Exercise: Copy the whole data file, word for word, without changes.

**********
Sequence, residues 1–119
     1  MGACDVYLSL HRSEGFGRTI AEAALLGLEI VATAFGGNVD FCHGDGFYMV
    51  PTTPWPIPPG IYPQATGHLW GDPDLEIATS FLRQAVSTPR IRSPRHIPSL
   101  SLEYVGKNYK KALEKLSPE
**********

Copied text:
Sequence, residues 1–119
     1  MGACDVYLSL HRSEGFGRTI AEAALLGLEI VATAFGGNVD FCHGDGFYMV
    51  PTTPWPIPPG IYPQATGHLW GDPDLEIATS FLRQAVSTPR IRSPRHIPSL
   101  SLEYVGKNYK KALEKLSPE